These are my top 5 popular evolutionary biology books for 2015. Because of the popularity of evolution outside of its strictly scientific value, I made a conscious effort to include books on evolution in the arts and in politics. Personal reviews available on request!
See the rest of this year’s book recommendations here!
Many dramatists cast suspicion on the arguments of evolutionary theory and rejected its claims, even as they entertained its thrilling possibilities. Engaging directly with the relation of science and culture, this book considers the influence of not only Darwin but also Lamarck, Chambers, Spencer, Wallace, Haeckel, de Vries, and other evolutionists on 150 years of theater. It shares significant new insights into the work of Ibsen, Shaw, Wilder, and Beckett, and writes female playwrights, such as Susan Glaspell and Elizabeth Baker, into the theatrical record, unpacking their dramatic explorations of biological determinism, gender essentialism, the maternal instinct, and the “cult of motherhood.”
Charles Darwin published On the Origin of Species a little over one hundred and fifty years ago, and it changed everything. But many don’t realize that it took Darwin over twenty years to develop his theory, that others had been advocating a similar theory before him, and many others have been developing it since. In A Remarkable Journey, R. Paul Thompson tells the story of evolutionary theory, of the empirical and theoretical discoveries and the endless heated debates that have led to our understanding of it today.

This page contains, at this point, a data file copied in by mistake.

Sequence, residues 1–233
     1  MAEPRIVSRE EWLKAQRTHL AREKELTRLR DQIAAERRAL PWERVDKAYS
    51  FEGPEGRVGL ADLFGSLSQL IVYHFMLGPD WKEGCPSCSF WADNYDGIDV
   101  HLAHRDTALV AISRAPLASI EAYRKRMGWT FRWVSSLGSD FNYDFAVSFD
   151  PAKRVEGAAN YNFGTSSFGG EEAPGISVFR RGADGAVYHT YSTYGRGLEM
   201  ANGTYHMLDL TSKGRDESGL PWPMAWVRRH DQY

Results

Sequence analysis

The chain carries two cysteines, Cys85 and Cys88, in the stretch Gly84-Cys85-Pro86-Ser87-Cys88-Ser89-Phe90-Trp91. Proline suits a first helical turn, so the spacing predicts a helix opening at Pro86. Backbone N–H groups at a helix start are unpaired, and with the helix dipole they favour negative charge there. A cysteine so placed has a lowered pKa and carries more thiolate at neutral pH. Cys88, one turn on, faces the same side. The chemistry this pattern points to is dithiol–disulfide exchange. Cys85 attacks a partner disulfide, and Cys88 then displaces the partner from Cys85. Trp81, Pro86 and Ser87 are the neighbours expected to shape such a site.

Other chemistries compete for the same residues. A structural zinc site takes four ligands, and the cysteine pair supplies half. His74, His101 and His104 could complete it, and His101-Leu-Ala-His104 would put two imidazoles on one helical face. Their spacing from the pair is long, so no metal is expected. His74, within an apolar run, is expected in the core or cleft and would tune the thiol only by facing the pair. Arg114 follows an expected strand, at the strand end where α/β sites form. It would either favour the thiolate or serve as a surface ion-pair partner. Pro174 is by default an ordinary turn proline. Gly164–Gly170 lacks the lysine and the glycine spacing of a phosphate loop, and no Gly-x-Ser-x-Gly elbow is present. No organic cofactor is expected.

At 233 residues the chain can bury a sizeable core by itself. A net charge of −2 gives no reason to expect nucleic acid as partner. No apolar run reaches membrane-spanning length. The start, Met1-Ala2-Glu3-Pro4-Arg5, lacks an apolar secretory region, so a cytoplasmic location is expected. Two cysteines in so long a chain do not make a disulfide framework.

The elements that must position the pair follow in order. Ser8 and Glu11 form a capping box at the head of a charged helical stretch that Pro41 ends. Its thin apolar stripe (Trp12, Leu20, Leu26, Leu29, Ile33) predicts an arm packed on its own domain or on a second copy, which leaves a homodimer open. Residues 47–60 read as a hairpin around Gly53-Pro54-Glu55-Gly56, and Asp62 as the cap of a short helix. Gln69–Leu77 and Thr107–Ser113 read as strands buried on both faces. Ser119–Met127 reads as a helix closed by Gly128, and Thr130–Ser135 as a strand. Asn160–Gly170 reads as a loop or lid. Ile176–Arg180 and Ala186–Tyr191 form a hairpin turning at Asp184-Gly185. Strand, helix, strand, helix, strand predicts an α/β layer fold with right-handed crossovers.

Does altruism exist? Or is human nature entirely selfish? In this eloquent and accessible book, famed biologist David Sloan Wilson provides new answers to this age-old question based on the latest developments in evolutionary science.
Drawing on a vast body of work across the natural sciences, social sciences, and humanities, Prindle explores the rhetoric of the evolution issue, explores its history, examines the nature of the public opinion that causes it, evaluates the Constitutional jurisprudence that upholds it, and explains the political dynamic that keeps it going. This incisive analysis is a must-read in a wide range of disciplines and for anyone who wants to understand the politics of biology.
Angela Douglas explains the evolutionary origins and development of symbiosis, and illustrates the principles of symbiosis using a variety of examples of symbiotic relationships as well as nonsymbiotic ones, such as parasitic or fleeting mutualistic associations. Although the reciprocal exchange of benefit is the key feature of symbioses, the benefits are often costly to provide, causing conflict among the partners. Douglas shows how these conflicts can be managed by a single controlling organism that may selectively reward cooperative partners, control partner transmission, and employ recognition mechanisms that discriminate between beneficial and potentially harmful or ineffective partners.